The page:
This year Maria is a sophomore and the only one of our children in high school. Both of her older brothers are attending college and there is no bus service to our Jesuit high school. Consequently Grant or I usually drive her to and from school. Next year she will have her license and will more than likely be transporting both her and Daniel to high school. So I have tried to savor the twenty minute drive when it’s just her and me. Alone. Talking.
Me: “Are you ready Maria? Do you have everything?”
Her: “Yep! Let’s hit it.”
We get in the car and drive about a half a block and start talking about what the name is of this one Jason Miraz song we both love. She reaches for her phone to look it up but does not find her phone.
Me turning to head back home: “Do you have your IPad?”
Her: “Of course I do! Duh. I need it for classes.”
We get back to the house and she runs in and runs back out in her funny Maria galloping way, with both her phone AND her IPad.
Me: “Wow! Earth to Maria! Have you landed yet? You’re so forgetful. I remember when you were five and had it all together.”
Her: Ignores me. “Thank you Jason Miraz! Whew!”
We drive some more. It’s pouring down rain and still dark.
Me: “Wow! This rain is making it really hard to see.”
Maria: “Mom! You don’t have your glasses on.”
Me: “Oh good it’s just that. Because for a second there I thought those bushes were MOVING.”
Maria: “Those are people in rain slickers.”
Me: “Maybe my glasses are in my purse. Can you look?”
Maria: “They are not in here. Your purse is so messy.”
Me: “You have no room to talk sloppy girl who forgets everything.”
Maria: “I just don’t know WHERE I get it. Besides. Sophomore year is just HARD. And I only forgot two things.”
I pull out my prescription sunglasses from the visor up above and put them on.
Maria: “Oh my gosh mom. You look like a blind person who is driving. Scary.”
Me: “Well, it’s better than seeing moving bush people.”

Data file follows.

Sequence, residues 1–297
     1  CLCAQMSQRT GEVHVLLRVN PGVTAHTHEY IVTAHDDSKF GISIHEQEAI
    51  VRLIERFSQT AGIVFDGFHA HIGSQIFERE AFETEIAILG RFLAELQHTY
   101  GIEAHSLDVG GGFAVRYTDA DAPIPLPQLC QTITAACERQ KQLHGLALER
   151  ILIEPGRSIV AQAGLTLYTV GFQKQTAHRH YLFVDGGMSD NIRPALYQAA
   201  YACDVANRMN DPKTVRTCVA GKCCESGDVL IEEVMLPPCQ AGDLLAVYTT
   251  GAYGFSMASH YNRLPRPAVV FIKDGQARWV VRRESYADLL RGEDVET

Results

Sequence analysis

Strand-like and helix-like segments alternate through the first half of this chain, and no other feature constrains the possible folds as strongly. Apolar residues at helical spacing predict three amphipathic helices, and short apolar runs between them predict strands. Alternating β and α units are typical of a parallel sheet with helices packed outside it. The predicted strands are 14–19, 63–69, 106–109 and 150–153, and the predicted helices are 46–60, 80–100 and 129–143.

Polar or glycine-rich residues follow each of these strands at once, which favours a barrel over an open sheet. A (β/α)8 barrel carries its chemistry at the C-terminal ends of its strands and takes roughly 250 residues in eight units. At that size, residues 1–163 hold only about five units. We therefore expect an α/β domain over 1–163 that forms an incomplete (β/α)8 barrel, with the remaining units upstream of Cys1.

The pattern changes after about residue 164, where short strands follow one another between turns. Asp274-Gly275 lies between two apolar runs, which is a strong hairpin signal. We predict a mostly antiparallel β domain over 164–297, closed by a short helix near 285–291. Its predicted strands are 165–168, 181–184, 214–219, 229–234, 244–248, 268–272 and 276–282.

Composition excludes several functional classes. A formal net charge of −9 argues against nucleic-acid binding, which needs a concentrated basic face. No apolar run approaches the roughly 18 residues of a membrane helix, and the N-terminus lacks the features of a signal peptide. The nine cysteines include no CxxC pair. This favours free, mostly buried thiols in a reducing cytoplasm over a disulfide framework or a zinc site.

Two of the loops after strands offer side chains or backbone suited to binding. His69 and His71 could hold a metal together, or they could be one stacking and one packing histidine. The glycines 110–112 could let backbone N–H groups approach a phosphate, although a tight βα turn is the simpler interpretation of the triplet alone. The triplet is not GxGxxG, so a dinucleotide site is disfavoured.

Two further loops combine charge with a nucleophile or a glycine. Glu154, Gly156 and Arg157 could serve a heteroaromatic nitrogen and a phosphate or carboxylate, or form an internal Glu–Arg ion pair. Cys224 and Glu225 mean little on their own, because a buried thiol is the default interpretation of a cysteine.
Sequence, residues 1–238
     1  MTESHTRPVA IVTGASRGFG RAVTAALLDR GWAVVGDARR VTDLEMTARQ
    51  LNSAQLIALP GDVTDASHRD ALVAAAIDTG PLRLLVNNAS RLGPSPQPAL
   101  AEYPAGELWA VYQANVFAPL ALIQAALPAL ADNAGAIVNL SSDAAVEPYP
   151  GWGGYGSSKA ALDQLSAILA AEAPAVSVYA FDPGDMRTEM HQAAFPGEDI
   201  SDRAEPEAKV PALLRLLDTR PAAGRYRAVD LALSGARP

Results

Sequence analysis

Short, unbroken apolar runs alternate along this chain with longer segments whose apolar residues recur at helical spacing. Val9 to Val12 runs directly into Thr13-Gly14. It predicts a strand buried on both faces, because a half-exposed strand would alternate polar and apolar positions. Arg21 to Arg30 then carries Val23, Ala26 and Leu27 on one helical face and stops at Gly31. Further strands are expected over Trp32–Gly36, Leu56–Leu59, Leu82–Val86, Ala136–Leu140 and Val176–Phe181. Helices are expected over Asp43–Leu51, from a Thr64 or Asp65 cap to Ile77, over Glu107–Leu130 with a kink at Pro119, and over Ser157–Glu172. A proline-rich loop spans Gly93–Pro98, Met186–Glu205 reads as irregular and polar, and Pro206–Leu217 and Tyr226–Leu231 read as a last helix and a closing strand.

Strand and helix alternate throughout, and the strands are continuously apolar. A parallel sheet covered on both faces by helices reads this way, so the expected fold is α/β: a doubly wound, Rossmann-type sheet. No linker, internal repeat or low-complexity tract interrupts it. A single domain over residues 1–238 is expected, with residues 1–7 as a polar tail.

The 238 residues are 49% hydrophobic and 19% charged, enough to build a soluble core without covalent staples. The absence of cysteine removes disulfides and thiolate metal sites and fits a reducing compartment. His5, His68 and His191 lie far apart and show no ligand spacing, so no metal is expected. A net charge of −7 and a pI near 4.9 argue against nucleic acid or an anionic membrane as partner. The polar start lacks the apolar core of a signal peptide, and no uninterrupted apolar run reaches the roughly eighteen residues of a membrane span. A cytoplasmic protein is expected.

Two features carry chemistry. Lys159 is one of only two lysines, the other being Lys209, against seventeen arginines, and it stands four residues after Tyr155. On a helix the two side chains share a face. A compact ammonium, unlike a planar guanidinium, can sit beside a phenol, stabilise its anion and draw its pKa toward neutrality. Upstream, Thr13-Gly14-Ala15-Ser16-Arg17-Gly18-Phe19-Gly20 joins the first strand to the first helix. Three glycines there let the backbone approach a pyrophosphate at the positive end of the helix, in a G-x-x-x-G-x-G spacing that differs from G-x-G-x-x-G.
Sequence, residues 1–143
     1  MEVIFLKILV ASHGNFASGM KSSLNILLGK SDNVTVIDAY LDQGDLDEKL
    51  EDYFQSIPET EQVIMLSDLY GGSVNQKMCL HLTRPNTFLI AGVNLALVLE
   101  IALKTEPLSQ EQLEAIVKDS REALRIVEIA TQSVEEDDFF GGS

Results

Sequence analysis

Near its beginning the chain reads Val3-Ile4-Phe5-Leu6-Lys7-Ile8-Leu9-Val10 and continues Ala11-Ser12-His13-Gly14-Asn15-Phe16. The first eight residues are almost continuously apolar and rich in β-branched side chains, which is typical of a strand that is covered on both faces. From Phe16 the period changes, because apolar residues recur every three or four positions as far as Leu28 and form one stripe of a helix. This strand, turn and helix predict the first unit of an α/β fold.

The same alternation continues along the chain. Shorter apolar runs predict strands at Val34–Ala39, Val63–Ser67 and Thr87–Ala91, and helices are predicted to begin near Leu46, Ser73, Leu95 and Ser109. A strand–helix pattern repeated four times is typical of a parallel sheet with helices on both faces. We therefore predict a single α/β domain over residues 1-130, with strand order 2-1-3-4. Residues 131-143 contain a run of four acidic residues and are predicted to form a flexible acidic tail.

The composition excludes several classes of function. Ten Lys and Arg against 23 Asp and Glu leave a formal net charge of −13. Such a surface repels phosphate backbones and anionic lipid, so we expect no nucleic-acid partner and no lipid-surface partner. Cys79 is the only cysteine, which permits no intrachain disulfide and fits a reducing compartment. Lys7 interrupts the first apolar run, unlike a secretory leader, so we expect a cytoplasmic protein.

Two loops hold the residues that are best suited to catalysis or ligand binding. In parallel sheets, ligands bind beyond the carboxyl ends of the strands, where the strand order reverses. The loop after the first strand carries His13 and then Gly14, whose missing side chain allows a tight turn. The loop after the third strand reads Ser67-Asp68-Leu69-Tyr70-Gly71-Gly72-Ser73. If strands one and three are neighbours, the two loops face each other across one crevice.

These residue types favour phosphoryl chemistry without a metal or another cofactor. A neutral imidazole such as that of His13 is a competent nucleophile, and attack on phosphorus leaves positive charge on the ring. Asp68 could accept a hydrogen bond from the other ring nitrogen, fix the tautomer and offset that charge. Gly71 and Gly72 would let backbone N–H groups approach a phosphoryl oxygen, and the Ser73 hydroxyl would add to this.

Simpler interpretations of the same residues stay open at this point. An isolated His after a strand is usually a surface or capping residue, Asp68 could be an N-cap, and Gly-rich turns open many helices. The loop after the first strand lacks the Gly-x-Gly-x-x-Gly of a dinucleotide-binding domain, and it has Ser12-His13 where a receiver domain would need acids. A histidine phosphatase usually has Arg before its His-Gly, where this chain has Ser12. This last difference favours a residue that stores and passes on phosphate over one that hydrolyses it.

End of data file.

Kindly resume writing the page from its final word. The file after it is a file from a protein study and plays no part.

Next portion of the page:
Maria: “You’re such a dork.”
I turn on Christmas music. That usually distracts her. Maria would listen to Christmas music all year long if she could. And I’m the dork.
Maria: “I’m sooo not participating in the ugly Christmas sweater thing this year. Nope. The whole thing is just ridiculous.”
Me: “Oh come ON! Last year’s sweater was hilarious!”
Maria: “Mom! You pinned Christmas oven mitts to my sweater. Santa and Rudolph the Red Nose Reindeer OVEN MITTS. As I was leaving the house Duncan called them mitts on tits. My whole day was awful. I will never forgive you.”
Me: “Well I will say that it’s clear now that I didn’t really think that one through. But come on. Mitts on tits is funny.”
Maria: “MOM!!! Just stop talking to me.”
4 seconds of silence.
Me: “What ever happened to those oven mitts? I liked them!”
Maria: “Mom! Stop!”
4 more seconds of silence
Maria: “I just love Christmas. It makes me so happy. It’s the best time of the year. I can’t wait for Christmas break. School just isn’t that much fun right now. It’s hard and I’m exhausted.”
4 MORE seconds of silence
Maria: “Don’t you CARE that it’s so hard and I’m so exhausted?”
Me: “You told me to stop talking.”
Maria: “Oh what evs. You know I didn’t mean it.”
Me: “Tote magoat daughter.”
Maria: “It’s totes magoats. Emphasis on the S. You’re so funny when you’re trying to be cool.”
Me: “I wasn’t trying to be cool. I was mocking you. I’m already cool. Stevie Wonder cool. I don’t even have to try I’m so coolio.”
We look at each other as we come to a stop at red light and start laughing.
I have always liked being with my daughter but as she grows into this amazingly beautiful woman who is also smart and funny I actually look forward to being with her. I am so astounded by how level headed and focused she is and actually find myself looking to her for advise as often as she does me which makes for a really great friendship. Putting aside the typical mother daughter fights, I have to say I’m quite lucky to have her still want to hang out with me. Of course she is often forced to right now. She needs me for wheels. Soon I will lose her a little more to further independence when she is driving.
But for now I will savor her while I can.
All of her.
We pull up to the curb of the school. I tell her how gorgeous she is today (because she is) and she knuckle bumps me and starts to get out of the car. “See ya mommio. Have a great day!” But then sits back down. “Crap! I forgot my piñata stuff for Spanish!”
I sigh and tell her I will get her stuff to her before her next class, swallowing the compulsion to lecture her about the fact that I have this thing called a job I need to do and that now we are up to THREE things she has forgotten. She humbly says thank you and that she OWES me and waives goodbye with her vibrant, light the room up, braces grin.
I drive away and take off my sunglasses. It’s not near as much fun wearing them without her in the car. I go instead to singing about how to solve a problem like Maria and some made up song about being the best mother in the Whole! Wide! World! Because even though she’ll probably thank Jason Miraz for her piñata stuff, I’m glad it’s me who gets to drive Miss Maria.